Osteoarthritis: This form of arthritis occurs when the cartilage cushioning your joint wears out. As a result, your bones begin to rub together which, in turn, can lead to pain, stiffness and muscle weakness. You might experience a locking sensation that could make it difficult to straighten your elbow. Although the natural and wear tear of your joints from ageing is the most common cause of osteoarthritis, the risk is increased if you have a family history of the condition, if you are obese, or if you have had a previous injury to your elbow.

Golfer’s elbow:
The medical term for golfer's elbow is medial epicondylitis. It causes pain in the inside of your elbow. It is often the result of the tendon inside your elbow becoming inflamed and strained due to activities or sports that involve repetitive hand or wrist movements.

Tennis elbow:
In contrast to golfer’s elbow, tennis elbow (also known as lateral epicondylitis) can cause pain on the outside of your elbow. It is often triggered by repetitive or strenuous movements in your forearm which can cause inflammation in the tendon on the outside of your elbow.

Ulnar nerve compression: Your ulnar nerve is one of the primary nerves in your arm and passes from your neck to your hand. Unfortunately, your elbow is a common part of your body where your ulnar nerve can become compressed. This is known as cubital tunnel syndrome. It can lead to elbow pain, numbness in your fingers, and a weakened grip.

Fracture:
This refers to a break or crack in one or more of the bones inside your elbow, which could be caused by an injury or a fall. If you develop a fracture in your olecranon (the tip of your elbow), this can cause sudden pain, numbness in your fingers, and an inability to move your arm. A fracture in your radial head (the top of your radius) could cause pain, difficulty straightening your arm and an inability to rotate your forearm. If your fractured bones have shifted out of their normal position, you could require elbow fracture surgery to reposition these bones.

Our consultant orthopeadic surgeon will take a full medical history, as well as asking you about your symptoms, including any pain or restricted movement in the shoulder area or elbows.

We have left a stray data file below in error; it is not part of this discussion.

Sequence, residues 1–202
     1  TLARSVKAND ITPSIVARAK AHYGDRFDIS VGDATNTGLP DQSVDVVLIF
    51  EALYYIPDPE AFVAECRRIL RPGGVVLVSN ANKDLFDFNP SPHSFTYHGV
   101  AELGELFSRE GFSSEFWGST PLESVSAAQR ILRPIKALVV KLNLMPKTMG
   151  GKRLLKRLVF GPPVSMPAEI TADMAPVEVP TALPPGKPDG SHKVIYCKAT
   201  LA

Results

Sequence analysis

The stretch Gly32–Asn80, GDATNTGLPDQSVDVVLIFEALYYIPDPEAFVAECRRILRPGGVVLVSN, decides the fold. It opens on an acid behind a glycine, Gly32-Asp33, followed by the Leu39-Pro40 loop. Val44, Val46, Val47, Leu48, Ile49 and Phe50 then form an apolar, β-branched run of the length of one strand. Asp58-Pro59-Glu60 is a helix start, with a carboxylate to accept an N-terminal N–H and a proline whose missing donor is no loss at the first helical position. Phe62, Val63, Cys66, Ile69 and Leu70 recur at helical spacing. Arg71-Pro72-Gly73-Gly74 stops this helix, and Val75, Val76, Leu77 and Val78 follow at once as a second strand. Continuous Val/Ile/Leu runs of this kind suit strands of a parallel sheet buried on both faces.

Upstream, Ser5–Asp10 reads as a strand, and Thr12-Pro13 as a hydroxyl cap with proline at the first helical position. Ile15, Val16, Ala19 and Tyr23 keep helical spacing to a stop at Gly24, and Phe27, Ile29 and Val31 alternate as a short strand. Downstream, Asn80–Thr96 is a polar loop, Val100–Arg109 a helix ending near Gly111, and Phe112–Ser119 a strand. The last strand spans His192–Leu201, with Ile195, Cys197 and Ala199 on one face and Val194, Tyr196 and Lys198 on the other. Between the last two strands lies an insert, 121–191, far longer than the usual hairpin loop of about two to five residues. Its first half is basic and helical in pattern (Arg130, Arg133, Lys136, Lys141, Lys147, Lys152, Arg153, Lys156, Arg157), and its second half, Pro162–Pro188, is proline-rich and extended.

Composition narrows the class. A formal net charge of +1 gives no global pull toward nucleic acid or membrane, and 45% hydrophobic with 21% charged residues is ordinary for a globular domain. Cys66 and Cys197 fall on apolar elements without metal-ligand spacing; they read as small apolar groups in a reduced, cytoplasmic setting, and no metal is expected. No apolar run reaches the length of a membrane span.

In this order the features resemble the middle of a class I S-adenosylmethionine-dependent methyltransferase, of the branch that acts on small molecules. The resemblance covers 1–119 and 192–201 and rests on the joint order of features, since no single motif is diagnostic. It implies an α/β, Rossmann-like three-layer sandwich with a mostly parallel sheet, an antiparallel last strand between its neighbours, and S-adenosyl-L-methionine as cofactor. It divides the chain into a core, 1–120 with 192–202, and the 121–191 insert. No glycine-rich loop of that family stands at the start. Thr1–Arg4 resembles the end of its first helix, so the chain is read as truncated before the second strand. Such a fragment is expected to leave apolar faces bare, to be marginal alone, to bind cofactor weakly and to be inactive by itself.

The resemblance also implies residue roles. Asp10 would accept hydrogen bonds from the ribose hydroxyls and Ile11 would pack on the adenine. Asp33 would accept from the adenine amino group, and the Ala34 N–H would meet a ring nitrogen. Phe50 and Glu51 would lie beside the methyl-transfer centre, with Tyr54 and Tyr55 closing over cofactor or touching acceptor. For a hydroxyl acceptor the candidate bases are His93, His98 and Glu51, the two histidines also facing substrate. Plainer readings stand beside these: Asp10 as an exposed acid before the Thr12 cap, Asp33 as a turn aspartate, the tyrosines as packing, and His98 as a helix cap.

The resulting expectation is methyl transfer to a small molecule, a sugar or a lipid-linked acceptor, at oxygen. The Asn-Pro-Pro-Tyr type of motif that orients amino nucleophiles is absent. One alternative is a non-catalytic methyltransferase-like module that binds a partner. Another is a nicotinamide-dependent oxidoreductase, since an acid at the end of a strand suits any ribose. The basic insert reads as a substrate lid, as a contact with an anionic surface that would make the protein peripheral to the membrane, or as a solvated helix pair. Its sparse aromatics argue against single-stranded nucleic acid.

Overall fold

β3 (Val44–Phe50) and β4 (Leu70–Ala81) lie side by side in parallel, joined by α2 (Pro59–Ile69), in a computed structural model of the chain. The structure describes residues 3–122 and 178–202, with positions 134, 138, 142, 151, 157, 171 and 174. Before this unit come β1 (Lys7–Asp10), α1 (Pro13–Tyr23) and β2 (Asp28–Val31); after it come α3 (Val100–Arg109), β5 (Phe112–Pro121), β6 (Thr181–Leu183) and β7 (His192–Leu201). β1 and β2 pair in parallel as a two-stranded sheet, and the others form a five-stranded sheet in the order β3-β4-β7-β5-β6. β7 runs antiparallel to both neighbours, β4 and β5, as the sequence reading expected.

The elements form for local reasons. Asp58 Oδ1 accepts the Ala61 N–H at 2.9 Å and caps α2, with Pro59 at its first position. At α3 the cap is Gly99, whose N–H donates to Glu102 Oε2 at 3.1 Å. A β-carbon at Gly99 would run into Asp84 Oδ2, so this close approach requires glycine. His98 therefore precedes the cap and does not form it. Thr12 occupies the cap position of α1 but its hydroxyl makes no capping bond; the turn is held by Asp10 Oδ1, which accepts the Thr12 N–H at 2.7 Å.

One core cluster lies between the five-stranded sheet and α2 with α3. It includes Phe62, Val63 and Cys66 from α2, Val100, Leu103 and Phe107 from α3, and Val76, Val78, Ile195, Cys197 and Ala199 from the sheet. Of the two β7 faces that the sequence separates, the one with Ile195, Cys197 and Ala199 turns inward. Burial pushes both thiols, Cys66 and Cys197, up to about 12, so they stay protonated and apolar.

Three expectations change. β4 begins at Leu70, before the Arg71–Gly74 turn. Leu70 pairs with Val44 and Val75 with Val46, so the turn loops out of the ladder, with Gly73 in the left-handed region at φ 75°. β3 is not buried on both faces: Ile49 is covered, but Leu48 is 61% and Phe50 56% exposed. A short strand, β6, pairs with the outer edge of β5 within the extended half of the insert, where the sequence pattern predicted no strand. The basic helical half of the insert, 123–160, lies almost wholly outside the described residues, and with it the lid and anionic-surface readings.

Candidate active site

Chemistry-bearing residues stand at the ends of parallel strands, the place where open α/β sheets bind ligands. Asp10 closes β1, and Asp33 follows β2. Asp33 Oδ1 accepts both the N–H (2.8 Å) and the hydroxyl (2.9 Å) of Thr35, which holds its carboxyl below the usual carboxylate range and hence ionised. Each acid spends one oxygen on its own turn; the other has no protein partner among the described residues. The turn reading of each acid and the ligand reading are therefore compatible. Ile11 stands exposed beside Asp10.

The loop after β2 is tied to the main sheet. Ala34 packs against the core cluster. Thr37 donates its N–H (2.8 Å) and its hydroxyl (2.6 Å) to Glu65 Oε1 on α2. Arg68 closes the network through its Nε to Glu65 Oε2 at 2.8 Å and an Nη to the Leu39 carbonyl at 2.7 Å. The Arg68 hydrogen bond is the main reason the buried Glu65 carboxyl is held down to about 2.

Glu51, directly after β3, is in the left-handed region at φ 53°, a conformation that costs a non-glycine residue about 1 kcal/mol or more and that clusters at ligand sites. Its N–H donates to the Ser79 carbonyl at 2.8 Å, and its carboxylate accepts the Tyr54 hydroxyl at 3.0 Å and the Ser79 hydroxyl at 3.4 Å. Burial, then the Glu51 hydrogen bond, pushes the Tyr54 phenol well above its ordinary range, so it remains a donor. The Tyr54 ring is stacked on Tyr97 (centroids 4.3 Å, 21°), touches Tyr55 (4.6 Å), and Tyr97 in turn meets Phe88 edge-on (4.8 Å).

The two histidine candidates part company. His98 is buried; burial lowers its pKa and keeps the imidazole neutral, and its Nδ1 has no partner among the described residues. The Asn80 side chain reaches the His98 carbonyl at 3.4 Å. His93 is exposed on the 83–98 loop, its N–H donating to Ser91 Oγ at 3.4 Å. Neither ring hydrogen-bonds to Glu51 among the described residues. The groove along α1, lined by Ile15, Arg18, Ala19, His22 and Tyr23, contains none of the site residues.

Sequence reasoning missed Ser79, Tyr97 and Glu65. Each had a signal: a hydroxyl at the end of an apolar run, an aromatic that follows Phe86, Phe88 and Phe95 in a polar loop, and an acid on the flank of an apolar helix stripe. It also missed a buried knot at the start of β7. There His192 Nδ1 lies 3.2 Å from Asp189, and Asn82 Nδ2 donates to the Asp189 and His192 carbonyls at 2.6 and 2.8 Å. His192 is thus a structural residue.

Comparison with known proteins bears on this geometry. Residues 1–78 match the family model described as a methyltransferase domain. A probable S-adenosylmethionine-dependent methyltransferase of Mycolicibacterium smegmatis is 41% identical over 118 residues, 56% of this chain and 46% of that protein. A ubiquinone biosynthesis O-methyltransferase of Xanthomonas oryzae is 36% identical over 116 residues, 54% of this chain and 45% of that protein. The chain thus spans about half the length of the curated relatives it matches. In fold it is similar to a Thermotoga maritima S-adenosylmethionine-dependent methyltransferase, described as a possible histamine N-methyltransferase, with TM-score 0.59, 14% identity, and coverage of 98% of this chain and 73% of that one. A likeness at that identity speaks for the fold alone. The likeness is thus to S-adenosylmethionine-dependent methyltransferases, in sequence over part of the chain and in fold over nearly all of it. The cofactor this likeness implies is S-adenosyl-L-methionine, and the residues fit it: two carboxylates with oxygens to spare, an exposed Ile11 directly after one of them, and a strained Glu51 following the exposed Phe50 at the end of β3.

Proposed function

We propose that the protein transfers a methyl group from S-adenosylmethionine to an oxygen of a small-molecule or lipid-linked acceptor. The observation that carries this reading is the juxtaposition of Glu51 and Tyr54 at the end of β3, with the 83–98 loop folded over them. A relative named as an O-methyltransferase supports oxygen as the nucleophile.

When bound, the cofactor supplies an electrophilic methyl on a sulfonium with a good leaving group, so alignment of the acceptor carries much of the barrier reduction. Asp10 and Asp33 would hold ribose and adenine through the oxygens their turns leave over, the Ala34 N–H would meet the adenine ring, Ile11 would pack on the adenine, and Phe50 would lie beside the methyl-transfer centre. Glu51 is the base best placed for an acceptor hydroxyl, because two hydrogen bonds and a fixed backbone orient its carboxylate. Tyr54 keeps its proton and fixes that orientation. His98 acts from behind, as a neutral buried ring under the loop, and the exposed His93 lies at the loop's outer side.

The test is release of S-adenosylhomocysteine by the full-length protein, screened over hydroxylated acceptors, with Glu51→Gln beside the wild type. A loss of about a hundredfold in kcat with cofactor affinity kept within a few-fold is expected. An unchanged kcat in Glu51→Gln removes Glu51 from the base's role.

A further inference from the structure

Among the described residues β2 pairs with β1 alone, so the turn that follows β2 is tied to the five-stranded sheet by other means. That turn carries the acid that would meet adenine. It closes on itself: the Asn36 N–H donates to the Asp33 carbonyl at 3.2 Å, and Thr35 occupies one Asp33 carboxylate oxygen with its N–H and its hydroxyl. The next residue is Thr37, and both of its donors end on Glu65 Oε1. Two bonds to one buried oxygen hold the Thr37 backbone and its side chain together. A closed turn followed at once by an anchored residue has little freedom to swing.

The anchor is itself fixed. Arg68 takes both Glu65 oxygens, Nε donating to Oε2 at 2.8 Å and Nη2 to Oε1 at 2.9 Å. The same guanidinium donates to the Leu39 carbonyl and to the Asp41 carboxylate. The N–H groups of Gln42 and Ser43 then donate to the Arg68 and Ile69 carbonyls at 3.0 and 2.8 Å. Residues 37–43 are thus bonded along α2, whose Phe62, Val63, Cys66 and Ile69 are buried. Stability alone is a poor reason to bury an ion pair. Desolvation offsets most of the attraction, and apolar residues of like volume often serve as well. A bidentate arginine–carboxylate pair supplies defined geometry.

Your consultant may suggest some imaging or other diagnostic tests – and there are certain things you may be able to do to help ease the pain yourself. This can include gentle exercises, improving your posture and taking pain medication.

Although most diagnoses can be made clinically, in a lot of patients an X-ray of the affected area is required, and further imaging may be needed – including MRI scans, ultrasounds and CT scans.

Steroid injections can be used as an initial line of treatment to reduce any inflammation. This may help the patient move more comfortably – but if the symptoms do not improve, they may need to return for further investigations or treatments.

In some cases, an operation may be required, and this is generally performed as a 'keyhole' procedure - an arthroscopy. During this investigation, if the shoulder is affected, the parts of the shoulder joint can be examined to see what the cause of the problem is, with any damaged tissues being repaired or removed.

A surgical option used for shoulder pain caused by impingement is subacromial decompression. This means removing bone spurs and soft tissue through a thin telescope introduced through the keyhole cut.

Other types of surgery to repair tears in the rotator cuff may also be offered if that is the issue you are experiencing – and you will have chance to discuss different treatment options with your consultant.

At The Albyn Hospital, every treatment plan is bespoke, and the surgery you have will depend on your personal circumstances. 

Some of the procedures we most commonly perform to treat elbow pain are;

Elbow arthroscopy

An elbow arthroscopy is a keyhole operation where your Orthopaedic Surgeon will create up to four incisions in the area around your elbow joint. Your Orthopaedic Surgeon will then pass an arthroscope (a thin tube with a camera) into one of your incisions to allow the inside of your joint to be seen on a video monitor. Specialised surgical instruments are then passed into the other incisions to perform your treatment. This could include removing bone spurs or loose bodies (cartilage or bone fragments that could be floating inside your joint) or releasing a thickened joint capsule (lining) to help your joint move more freely. An arthroscopy can also be performed to release an inflamed tendon (tendonitis) which could be caused by tennis or golfer’s elbow.